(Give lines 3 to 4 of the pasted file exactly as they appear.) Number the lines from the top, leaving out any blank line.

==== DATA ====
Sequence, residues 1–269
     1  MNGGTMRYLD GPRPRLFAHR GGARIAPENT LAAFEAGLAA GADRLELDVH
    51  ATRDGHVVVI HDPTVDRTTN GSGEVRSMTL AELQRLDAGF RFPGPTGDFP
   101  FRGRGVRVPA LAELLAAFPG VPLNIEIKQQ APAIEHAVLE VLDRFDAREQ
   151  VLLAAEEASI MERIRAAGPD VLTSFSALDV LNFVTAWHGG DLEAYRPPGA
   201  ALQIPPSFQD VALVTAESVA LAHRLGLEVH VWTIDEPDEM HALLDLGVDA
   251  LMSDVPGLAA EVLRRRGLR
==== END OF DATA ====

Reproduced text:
    51  ATRDGHVVVI HDPTVDRTTN GSGEVRSMTL AELQRLDAGF RFPGPTGDFP
   101  FRGRGVRVPA LAELLAAFPG VPLNIEIKQQ APAIEHAVLE VLDRFDAREQ